I wondered whether I was just being played. But as the discourse continued, her message remained consistent. We had already discovered many shared values and dreams. And so I embarked on a journey to see if she was real. It was a trip that would change my life.
My most vivid impression of the tiny Siargao Island village in Northern Mindanao, where Ivy had frolicked as a girl, came on our first night together. We spent it in a tiny room with her and two sisters sprawled on the bed, their brother and parents crumpled at its foot, and yours truly lying prone on the floor, holding the dark-skinned beauty’s hand.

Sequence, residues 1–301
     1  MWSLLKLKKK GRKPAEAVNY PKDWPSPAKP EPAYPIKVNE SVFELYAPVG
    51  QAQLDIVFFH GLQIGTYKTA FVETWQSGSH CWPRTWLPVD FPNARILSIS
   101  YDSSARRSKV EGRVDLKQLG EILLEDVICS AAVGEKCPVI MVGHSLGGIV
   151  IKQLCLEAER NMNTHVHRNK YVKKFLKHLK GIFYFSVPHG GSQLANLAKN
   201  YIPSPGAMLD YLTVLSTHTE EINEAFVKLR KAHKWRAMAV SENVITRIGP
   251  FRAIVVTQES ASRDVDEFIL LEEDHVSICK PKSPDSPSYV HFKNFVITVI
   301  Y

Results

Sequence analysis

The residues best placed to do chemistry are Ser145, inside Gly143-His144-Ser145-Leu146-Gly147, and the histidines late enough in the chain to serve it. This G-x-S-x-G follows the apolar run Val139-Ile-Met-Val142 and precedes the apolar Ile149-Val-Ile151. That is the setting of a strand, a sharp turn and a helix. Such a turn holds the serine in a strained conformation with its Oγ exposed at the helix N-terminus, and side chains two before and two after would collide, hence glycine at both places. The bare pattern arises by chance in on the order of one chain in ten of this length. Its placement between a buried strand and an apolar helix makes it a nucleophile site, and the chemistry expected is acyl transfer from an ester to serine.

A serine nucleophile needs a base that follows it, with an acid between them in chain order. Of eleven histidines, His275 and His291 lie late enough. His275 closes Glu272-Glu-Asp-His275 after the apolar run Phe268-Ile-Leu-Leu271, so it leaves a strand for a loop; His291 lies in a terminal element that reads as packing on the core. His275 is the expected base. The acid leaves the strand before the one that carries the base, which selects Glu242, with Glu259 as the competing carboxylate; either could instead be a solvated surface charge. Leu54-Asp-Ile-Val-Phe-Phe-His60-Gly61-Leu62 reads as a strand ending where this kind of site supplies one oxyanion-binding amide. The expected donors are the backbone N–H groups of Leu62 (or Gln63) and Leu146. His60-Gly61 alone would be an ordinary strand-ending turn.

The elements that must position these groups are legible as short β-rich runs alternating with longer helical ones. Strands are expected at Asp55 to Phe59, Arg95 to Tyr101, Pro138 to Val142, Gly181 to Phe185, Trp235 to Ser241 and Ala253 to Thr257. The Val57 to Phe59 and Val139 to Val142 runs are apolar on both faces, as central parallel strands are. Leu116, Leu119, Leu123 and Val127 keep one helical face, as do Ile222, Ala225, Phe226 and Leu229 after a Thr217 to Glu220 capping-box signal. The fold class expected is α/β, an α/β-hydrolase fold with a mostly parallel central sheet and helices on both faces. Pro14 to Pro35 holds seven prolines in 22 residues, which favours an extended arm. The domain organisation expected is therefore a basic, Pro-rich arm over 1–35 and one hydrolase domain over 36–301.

“Toto,” I remember thinking, “we’re not in Kansas anymore.”
The next morning, a series of terrified shrieks from outside our window awakened me at 6 a.m. “Oh my God,” I thought, “Islamic jihadists are cutting off heads,” when, in fact, the only damaged head belonged to a pitiful pig being slaughtered in my honor.
Before the feast, however, came the interrogation. It was conducted by Ivy’s mother in the presence of her father, siblings, aunts, uncles, and a bevy of cousins. Oh yes, and several dozen townspeople intently peering in from all directions through the windows and doors.
“Ivy,” I whispered in her ear, “who are all those people?”
“Well,” she explained matter-of-factly, “they’ve never seen a white man this close before.”
Then came the first question. “So,” Mom sternly began, nodding towards the woman I had just met and barely spoken to. “You want to marry my daughter.” And so it went.